Sketching Parabolas

When graphing a parabola, it is not always necessary to graph
them exactly. If you do not need exact coordinates, you can sketch
parabolas. The basic parabola, y = x^{2}, looks like this (left):

In the left graph, the value of a = 1, b = 0, and c = 0. The vertex is at (0,0) and the parabola opens upward. First, look at the value of a. If it is negative, the parabola looks like the one on the right.

If the value of a is made larger or smaller (as in made 5 or 0.5), the parabola also changes. Left: a is larger, Right: a is smaller.

As you can see, when a is larger, the parabola gets narrower, while if a is a fraction (when it gets smaller but not negative), the parabola gets wider.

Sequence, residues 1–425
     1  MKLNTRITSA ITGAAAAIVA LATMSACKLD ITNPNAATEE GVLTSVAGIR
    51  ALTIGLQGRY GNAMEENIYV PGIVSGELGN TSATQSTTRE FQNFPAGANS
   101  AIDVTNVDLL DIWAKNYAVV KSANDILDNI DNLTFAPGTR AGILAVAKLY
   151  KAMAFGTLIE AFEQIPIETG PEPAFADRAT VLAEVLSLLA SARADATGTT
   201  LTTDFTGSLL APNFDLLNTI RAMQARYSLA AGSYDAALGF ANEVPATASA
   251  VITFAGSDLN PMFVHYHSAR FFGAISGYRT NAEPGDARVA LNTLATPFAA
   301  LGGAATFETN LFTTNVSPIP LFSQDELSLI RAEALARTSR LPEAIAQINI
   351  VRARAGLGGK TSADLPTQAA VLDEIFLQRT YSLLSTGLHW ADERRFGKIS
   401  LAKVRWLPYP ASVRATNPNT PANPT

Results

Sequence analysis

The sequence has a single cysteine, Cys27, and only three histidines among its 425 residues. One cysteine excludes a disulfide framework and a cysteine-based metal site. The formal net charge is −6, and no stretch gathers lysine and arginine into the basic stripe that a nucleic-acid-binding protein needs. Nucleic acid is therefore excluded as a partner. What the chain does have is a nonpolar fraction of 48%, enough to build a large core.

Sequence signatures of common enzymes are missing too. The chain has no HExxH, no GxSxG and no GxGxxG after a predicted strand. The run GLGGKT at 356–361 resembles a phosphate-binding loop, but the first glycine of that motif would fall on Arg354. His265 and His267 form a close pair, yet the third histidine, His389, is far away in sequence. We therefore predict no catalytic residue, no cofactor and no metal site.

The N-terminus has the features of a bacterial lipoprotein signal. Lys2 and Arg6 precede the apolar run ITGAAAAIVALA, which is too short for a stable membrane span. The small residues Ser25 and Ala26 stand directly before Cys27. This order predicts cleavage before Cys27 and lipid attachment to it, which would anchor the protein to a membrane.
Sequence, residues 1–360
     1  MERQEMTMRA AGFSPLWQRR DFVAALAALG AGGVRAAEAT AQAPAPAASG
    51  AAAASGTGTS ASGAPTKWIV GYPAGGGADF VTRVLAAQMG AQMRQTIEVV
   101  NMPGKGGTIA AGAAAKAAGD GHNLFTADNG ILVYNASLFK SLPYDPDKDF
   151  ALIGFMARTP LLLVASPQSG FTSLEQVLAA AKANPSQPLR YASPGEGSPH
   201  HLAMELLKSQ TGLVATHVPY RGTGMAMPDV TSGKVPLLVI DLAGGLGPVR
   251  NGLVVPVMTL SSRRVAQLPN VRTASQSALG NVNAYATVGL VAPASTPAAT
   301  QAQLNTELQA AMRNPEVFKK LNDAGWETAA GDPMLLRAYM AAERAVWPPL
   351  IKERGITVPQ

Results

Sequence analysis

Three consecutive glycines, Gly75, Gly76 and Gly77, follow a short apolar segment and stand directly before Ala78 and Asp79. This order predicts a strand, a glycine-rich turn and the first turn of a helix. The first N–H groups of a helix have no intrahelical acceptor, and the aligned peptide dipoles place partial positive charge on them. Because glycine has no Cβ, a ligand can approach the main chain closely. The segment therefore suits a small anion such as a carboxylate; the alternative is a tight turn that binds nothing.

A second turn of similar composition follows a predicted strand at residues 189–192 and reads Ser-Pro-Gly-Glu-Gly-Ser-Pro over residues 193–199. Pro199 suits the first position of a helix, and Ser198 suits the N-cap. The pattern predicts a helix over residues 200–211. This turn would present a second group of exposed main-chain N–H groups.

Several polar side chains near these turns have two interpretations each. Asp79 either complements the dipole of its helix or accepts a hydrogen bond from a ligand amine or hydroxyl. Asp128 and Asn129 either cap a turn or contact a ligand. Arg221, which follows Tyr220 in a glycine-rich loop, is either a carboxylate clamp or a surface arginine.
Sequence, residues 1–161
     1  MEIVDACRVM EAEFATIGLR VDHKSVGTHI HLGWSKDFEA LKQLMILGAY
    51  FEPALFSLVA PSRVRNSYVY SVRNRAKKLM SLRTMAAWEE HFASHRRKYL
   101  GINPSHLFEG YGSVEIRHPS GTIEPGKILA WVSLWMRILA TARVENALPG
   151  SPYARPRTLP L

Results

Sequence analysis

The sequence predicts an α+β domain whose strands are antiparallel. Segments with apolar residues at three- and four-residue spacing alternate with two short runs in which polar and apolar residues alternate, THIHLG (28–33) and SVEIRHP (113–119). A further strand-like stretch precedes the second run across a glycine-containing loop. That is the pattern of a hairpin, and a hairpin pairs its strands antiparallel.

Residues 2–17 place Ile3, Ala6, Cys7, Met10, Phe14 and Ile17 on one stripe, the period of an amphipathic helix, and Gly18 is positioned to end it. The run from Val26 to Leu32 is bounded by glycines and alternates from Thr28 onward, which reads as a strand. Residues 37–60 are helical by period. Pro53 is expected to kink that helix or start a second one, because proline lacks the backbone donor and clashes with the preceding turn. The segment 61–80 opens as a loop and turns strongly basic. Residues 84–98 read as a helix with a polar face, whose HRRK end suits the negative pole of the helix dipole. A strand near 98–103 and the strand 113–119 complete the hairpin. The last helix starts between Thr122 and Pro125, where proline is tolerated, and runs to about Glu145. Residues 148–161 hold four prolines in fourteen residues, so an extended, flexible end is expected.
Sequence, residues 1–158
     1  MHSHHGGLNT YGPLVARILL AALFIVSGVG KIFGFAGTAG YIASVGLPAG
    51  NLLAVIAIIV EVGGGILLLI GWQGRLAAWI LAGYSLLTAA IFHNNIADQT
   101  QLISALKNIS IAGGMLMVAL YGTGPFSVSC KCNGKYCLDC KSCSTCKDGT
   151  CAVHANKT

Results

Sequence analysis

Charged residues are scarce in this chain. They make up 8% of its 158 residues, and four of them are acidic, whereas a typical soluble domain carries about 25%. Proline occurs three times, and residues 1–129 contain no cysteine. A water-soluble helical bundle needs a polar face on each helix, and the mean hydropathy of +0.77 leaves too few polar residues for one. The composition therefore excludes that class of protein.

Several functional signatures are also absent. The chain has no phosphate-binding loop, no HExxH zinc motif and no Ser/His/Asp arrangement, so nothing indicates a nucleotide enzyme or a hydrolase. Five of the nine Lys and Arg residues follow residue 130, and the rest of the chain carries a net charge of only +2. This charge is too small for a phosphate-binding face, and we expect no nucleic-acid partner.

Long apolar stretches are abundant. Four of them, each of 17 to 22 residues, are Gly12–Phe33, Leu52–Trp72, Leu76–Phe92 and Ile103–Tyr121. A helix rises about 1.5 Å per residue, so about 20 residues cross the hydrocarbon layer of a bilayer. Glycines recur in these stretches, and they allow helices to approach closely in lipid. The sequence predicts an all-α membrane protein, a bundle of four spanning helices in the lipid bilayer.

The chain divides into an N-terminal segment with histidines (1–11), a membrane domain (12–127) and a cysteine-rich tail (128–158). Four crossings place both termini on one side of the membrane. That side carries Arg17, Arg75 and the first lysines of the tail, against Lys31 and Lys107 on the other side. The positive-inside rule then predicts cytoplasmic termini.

Working with c also moves the parabola. These graphs use the basic parabola with c changed. On the left, c = 6. On the right, c = -6.

You see that when c was 6, the vertex was moved up 6 from the
origin (its place in y = x^{2}), and when c was -6, the vertex was moved
6 down. When b = 0, c moves the vertex up if it is positive and down if it
is negative.

When b is not 0, c can not longer be used so simply. As you may know, the formula for the x-coordinate of the vertex is -b/2a. As b changes, this obviously changes. You can then substitute this value of x back into the equation to find the y-coordinate. When b ≠ 0, you must first find the vertex and then sketch the parabola

y = 3x^{2} + 12x + 8

x-coordinate = -12/6 = -2

y = 3(-2)^{2} + 6(-2) + 8 = 12 - 12 + 8 = 8

vertex = (-2, 8)

First plot the vertex. Then sketch the parabola. Since x = 3, the parabola will be narrower, but not much narrower, than the basic shape. This is what it is:

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